SportsVolleyball

Quietly leading the way



Shawn Hatjes

In the sporting world, the biggest stars often have the biggest mouths.
 

Chad Ochocinco, Curt Schilling, Floyd Mayweather Jr. and Terrell Owens are all supremely talented and are never afraid to speak their minds, for better or worse.
 

In this sense, Neticia Enesi is an anomaly.
 

The senior middle blocker has quietly become one of the best volleyball players in the Pacific-10 Conference.
 

Her hitting percentage through 13 games this year stands at an astounding .475, leading the team by a wide-margin and its second in the Pac-10. She is also second on the team in kills (139) and total points (169.5), and sixth in the Pac-10 with 1.16 blocks per set.
 

Still, judging by her demeanor, one would never guess just how prolific Enesi has become. She is quiet by nature, and prefers to lead by example rather than vocally.
 

“I’ve never worked like a natural leader,” Enesi said. “I always like being the follower. (Sonja Newcombe) is the leader, and we respect that and enjoy that because she fits that role so well. My job is to just be there for her, backing her up.”
 

“In some ways we wish (Enesi) was more vocal,” said head coach Jim Moore. “She’s gotten so much better as a leader though because there are times now that she’ll stand up and say, ‘Hey, this has got to get done.’ That’s pretty important and pretty special.”
 

Plenty of players have benefitted from Enesi’s quiet leadership, particularly the younger ones trying to adjust to the college game.
 

“There are times when I’m struggling and she’ll pull me aside and just tell me what she thinks I’m doing in her own words,” said sophomore outside hitter Dana Stephenson, who often starts alongside Enesi. “It might be the same thing that the coaches are telling me, but in her words so it’s easier for me to understand. Just her pointing out things to me and using her own words really helps.”
 

Enesi, a native of The Dalles, started playing volleyball in eighth grade. By her senior year in high school, she was playing for the Nike Northwest Juniors Volleyball Club in Portland, and beginning to garner national attention.

Among the many coaches clamoring for a chance to sign her was Moore, who himself had just finished a world tour looking for new recruits.
 

“The first time I see her, Arizona is watching her, I mean literally going back and forth during the match, standing behind the bench — everything,” said Moore. “I thought that she was physically the best player I’d ever recruited.”
 

Moore knew immediately upon seeing her that he wanted her to spend four years playing for the Ducks, and luckily Enesi was on the same page. After an official visit, she committed to Oregon.
 

“I was looking at lots of different schools,” said Enesi. “I had just started playing in high school, so I didn’t really know much about volleyball, period, and everything was pretty new to me. But I really liked the campus here.”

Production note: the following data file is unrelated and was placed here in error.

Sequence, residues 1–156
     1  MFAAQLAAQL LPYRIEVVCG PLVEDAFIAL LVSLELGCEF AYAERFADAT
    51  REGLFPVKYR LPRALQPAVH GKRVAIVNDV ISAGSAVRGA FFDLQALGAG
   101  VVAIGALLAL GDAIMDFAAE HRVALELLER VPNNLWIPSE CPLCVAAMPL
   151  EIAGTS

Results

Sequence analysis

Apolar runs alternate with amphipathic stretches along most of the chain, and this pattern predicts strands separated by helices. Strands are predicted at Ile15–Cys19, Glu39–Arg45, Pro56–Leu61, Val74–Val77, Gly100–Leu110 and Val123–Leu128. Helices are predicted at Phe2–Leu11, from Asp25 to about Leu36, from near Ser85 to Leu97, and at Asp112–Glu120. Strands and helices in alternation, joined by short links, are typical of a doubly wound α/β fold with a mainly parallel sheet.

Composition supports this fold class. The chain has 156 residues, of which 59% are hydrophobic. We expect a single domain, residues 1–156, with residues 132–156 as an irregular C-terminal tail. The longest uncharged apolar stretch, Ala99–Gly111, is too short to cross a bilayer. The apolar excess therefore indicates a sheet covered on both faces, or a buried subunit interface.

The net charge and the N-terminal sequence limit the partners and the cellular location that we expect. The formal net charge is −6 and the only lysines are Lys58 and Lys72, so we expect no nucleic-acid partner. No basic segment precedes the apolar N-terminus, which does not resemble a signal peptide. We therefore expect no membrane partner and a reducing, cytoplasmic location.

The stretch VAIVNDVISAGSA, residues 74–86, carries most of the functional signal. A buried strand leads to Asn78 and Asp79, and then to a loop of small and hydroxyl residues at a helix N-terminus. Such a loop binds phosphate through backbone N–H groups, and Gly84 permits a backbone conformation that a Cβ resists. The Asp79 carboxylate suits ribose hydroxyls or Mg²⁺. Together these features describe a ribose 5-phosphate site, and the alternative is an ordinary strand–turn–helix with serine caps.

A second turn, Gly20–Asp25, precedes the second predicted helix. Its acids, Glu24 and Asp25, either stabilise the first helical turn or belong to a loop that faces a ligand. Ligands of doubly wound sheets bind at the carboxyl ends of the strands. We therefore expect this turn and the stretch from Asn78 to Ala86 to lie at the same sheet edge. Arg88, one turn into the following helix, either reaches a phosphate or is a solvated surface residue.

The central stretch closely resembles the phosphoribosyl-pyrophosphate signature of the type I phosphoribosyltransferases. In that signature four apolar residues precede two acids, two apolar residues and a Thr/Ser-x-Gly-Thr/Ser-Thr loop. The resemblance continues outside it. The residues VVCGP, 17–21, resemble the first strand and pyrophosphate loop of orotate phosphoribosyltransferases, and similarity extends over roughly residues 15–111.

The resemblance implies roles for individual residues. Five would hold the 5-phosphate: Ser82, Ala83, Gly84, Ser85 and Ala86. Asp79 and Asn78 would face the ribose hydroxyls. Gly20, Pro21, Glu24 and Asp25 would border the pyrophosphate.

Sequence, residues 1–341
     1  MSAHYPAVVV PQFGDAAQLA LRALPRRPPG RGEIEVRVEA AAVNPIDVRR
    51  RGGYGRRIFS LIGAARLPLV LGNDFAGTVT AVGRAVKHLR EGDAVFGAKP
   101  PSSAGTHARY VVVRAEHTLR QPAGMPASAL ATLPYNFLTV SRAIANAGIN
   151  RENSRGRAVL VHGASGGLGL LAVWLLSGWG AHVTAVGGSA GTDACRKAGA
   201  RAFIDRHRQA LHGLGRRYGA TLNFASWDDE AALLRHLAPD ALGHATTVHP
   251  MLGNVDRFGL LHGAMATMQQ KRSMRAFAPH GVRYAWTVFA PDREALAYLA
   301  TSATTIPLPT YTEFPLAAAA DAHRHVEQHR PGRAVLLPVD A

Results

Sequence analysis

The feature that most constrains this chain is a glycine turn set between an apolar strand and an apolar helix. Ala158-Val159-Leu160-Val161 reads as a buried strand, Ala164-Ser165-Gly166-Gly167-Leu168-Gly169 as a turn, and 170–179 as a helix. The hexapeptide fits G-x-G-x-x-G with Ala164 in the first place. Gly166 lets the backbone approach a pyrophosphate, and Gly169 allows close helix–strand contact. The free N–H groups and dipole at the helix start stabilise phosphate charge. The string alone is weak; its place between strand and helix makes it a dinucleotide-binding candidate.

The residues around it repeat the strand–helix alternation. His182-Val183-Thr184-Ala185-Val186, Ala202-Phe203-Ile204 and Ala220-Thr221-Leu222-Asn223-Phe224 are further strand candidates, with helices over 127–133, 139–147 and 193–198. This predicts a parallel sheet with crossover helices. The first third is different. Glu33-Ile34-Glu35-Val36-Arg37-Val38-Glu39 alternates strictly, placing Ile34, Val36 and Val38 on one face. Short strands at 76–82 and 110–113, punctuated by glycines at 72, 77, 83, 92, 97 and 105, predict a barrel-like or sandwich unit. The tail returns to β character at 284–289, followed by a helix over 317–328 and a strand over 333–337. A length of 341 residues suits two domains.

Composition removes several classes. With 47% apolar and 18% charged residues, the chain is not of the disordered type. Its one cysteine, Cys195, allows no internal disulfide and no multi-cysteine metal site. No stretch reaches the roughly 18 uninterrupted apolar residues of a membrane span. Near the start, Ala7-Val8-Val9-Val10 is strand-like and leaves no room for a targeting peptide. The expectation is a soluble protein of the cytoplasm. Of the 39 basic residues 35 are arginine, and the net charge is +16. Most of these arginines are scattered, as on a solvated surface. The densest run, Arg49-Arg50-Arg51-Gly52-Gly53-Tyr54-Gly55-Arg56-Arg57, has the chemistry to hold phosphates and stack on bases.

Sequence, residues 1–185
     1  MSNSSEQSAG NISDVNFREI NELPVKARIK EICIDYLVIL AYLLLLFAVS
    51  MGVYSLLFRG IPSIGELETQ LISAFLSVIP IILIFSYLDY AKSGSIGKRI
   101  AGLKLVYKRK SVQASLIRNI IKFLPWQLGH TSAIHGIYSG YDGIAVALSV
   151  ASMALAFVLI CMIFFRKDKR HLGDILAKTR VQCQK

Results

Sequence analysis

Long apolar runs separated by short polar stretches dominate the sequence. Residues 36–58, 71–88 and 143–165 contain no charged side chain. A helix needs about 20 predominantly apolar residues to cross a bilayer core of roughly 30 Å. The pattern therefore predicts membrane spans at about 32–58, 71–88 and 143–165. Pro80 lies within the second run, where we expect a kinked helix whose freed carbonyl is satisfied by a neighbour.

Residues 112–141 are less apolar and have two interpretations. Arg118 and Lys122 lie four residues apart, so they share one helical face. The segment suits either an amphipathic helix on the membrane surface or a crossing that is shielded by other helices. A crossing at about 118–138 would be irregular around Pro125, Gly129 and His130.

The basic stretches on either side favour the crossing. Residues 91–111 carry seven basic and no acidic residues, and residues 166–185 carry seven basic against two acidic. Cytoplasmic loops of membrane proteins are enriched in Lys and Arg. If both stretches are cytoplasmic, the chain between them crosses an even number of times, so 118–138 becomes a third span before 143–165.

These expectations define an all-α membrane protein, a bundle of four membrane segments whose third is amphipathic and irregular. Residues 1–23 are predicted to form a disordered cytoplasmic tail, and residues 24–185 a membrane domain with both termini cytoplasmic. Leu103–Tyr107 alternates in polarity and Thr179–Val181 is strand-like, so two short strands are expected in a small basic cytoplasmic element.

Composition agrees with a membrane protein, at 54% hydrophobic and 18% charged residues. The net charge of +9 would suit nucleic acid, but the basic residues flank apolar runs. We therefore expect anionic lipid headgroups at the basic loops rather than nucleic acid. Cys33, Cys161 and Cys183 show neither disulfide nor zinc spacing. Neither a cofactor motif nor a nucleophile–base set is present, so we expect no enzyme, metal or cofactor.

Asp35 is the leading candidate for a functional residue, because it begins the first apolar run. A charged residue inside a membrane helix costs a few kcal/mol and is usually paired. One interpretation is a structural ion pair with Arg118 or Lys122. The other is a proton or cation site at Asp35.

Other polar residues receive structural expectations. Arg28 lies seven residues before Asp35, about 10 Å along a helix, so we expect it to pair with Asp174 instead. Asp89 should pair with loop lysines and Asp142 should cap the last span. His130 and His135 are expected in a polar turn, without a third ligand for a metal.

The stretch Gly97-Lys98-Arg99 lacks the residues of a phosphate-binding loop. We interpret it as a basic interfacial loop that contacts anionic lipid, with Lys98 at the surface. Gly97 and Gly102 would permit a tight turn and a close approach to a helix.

Enesi started in 27 matches during her freshman year, had the second most solo blocks on the team (13) and was named an honorable mention on the Pac-10 All-Freshman team. She followed that up with 32 starts in her sophomore year, and had the second most blocks on the team for the season (110).
 

As impressive as her first two years were, Enesi was not satisfied.
 

“I had a rough time my freshman and sophomore year,” Enesi said. “I had a reality check that I needed to get going, I only had two years left. So I really made an effort to get that change, and I think that’s really helped me.”
 

Indeed, Enesi’s career hit full-bloom during her junior year.
 

She made two All-America teams and broke school records for hitting percentage (.389) and block assists (143). Her impressive .786 hitting percentage against Washington State was a career high, and she hit over .500 in twelve matches.
 

She was also named to the USA Volleyball A2 National team after the season ended, and helped the team win a silver medal at a national tournament in the spring.
 

Along the way, she built a chemistry with teammates that cannot be understated.
 

“I like setting her more than anything,” said senior setter Nevena Djordjevic. “I’ll always remember the play against UCLA, the very last point when we played at their place last season. Everyone was expecting me to go to G (Gorana Maricic, an outside hitter who graduated last year) because she was the one who was getting all the kills, so I just turned to Tish (Enesi) and she put it on the floor. It made me more comfortable with setting her, and I trust her a lot.”
 

That trust will be key as the Ducks move into the heart of the Pac-10 season with their sights set on the ultimate goal: a deep run into the NCAA tournament. However far this team goes, Enesi seems likely to play a starring role and continue to set school records along the way.
 

Just don’t expect her to tell you about it.
 

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